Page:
<include
        layout="@layout/stickyheader"
        android:id="@+id/stickyheader" />

</FrameLayout>

The ListView will contain the header, containing a dummy view. This view needs to has the same height as your tabs.

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<RelativeLayout xmlns:android="http://schemas.android.com/apk/res/android"
    android:layout_width="match_parent"
    android:layout_height="match_parent">

    <fr.castorflex.android.googleplusprofilepageapp.ParallaxImageView ... />

    <LinearLayout ... >
        <TextView ... />
        <TextView ... />
        <TextView ... />
    </LinearLayout>

  <!-- dummy view; the sticky header will be positionned here-->
    <View
        android:layout_width="match_parent"
        android:layout_height="48dp"/>

    <ImageView ... />

</RelativeLayout>

Now the only thing you need is to translate your sticky view:

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mListView = (StickyListView) findViewById(R.id.listview);
mStickyHeader = findViewById(R.id.header);
mHeader = LayoutInflater.from(this).inflate(R.layout.header, mListView, false);
mListView.addHeaderView(mHeader);


mListView.setOnScrollListener(new AbsListView.OnScrollListener() {
    //...

    @Override
    public void onScroll(AbsListView view, int firstVisibleItem, int visibleItemCount, int totalItemCount) {
        if (visibleItemCount == 0) return;

        int top = mHeader.getTop();
        int tabsHeight = mStickyHeader.getMeasuredHeight();
        int headerViewHeight = mHeader.getMeasuredHeight();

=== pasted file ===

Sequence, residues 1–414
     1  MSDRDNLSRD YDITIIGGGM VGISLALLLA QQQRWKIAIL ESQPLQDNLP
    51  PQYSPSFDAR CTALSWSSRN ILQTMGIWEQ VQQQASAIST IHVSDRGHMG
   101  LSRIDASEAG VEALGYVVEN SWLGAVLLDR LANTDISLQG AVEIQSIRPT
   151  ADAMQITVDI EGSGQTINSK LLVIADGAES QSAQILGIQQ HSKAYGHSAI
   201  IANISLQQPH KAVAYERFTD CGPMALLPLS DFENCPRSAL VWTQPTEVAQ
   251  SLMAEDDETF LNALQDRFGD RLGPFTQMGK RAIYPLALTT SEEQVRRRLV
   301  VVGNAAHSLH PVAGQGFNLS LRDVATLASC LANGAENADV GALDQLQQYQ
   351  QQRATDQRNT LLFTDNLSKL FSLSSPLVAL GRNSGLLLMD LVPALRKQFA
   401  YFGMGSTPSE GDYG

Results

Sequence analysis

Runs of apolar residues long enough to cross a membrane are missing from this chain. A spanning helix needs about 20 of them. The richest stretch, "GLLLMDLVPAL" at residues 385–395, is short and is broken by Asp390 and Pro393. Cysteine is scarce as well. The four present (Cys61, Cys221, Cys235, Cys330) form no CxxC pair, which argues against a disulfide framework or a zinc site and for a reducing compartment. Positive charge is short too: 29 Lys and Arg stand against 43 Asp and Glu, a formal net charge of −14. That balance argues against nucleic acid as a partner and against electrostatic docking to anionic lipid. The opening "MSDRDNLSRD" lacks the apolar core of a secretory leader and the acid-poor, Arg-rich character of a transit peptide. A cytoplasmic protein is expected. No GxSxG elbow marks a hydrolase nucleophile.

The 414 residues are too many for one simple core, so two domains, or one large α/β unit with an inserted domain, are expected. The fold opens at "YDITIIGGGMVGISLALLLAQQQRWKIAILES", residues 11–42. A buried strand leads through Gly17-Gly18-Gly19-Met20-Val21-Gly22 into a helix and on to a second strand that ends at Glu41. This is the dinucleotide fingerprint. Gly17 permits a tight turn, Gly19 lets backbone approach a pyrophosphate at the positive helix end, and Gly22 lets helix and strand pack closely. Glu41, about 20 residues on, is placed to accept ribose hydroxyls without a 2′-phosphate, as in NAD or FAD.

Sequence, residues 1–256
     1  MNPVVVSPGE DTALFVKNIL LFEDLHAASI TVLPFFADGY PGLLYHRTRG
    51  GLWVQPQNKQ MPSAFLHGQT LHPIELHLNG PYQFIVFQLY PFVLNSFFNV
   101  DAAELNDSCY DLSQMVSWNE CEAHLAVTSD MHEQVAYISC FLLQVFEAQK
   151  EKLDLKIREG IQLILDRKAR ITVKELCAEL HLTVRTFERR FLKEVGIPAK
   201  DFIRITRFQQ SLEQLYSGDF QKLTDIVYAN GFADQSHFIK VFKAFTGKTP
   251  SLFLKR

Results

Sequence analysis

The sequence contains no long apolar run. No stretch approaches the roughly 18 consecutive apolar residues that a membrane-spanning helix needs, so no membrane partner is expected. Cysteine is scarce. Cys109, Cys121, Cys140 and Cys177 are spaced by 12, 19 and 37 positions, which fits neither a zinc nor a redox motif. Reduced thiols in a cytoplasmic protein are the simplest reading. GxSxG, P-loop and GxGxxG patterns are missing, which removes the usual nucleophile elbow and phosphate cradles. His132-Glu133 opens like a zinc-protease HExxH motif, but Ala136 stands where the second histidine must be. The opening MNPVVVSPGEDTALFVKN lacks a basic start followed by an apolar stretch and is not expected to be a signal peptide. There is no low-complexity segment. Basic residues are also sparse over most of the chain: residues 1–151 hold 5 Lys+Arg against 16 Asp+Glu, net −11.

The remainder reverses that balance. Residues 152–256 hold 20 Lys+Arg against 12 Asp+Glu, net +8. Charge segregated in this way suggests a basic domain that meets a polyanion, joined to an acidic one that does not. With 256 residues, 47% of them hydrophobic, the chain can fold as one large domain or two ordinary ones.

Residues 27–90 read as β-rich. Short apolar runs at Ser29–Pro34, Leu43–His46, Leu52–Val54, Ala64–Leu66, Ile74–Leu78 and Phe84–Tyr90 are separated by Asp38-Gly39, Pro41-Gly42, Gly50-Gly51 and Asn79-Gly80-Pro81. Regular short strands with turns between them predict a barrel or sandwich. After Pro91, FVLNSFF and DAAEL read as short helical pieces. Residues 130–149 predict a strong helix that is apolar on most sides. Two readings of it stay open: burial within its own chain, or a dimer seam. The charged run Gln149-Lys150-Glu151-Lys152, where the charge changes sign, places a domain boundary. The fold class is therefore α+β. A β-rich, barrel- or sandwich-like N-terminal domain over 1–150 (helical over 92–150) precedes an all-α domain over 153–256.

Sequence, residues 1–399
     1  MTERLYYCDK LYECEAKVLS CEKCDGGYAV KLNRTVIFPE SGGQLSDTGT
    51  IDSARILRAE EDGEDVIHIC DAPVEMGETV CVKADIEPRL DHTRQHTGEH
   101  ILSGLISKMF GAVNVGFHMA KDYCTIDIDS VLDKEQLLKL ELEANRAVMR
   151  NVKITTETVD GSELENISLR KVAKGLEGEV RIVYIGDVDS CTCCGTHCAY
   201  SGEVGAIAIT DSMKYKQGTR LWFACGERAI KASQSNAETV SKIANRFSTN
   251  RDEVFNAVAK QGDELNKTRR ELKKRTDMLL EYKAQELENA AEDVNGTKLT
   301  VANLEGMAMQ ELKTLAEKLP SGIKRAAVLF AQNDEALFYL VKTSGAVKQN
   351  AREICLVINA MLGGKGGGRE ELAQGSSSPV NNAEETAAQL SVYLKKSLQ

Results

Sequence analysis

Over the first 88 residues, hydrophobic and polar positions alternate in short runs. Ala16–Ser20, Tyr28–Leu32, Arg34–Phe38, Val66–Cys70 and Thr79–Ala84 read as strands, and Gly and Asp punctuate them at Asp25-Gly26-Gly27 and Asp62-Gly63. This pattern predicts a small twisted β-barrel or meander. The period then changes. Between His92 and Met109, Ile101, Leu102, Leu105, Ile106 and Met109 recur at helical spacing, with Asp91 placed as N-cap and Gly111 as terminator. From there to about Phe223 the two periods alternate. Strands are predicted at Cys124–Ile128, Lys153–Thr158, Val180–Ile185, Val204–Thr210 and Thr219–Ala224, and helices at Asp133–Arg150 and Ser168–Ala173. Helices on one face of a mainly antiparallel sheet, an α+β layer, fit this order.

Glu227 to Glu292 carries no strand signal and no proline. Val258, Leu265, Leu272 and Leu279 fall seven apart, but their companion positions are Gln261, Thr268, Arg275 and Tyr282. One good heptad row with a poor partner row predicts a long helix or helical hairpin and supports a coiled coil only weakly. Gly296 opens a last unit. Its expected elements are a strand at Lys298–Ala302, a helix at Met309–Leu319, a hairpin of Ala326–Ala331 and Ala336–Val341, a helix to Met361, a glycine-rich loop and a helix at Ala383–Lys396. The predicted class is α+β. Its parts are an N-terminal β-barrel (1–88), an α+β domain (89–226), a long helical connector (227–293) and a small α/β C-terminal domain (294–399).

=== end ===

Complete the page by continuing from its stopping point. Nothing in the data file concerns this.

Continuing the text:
int delta = headerViewHeight - tabsHeight;

        mStickyHeader.setTranslationY(Math.max(0, delta + top));
    }
});

If you want to make it compatible preICS, do not use NineOldAndroids. NineOldAndroids is a wrapper and will use preICS animations. That means the draw of the view will be translated, but the touch events won’t be.

e.g. Imagine you have a button in 0,0 and you translate it in 150,150 with a TranslateAnimation. You will notice that if you click on 150,150 the button won’t be clicked but if you click on 0,0 the event will be called.

The only way to move your view preICS is to play with the margins. BUT you will have to call requestLayout() each time you set the new topMargin’s value. If you do that, you will notice lags. Follow this link for an example

2nd solution: Dynamically change the parent of your stickyHeader view

In this solution, the tabs are part of the ListView’s header, until we need to stick them. This solution is better for the preICS devices, but requestLayout() will be called each time we change the parent (as we remove the view and then add it in the FrameLayout, requestLayout() will be called twice).

Here is the new Header View:

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<RelativeLayout xmlns:android="http://schemas.android.com/apk/res/android"
    android:layout_width="match_parent"
    android:layout_height="match_parent">

    <fr.castorflex.android.googleplusprofilepageapp.ParallaxImageView ... />

    <LinearLayout ... >
        <TextView ... />
        <TextView ... />
        <TextView ... />
    </LinearLayout>

  <!-- we add one more container to facilitate the add/remove view -->
    <FrameLayout android:id="@+id/tabs_container"
        android:layout_height="48dp"
        android:layout_width="match_parent"
        android:layout_below="@+id/informations_container">

      <HorizontalScrollView
          android:id="@+id/horizontalscrollview"
              android:layout_width="match_parent"
              android:layout_height="wrap_content"
              android:scrollbars="none"
          >

          <LinearLayout
              android:layout_width="wrap_content"
              android:layout_height="wrap_content"
              android:orientation="horizontal">

              <!-- tabs here -->

          </LinearLayout>
      </HorizontalScrollView>
    </FrameLayout>

    <ImageView ... />

</RelativeLayout>

Keep a boolean to know if you sticked your view (mIsHeaderSticked here).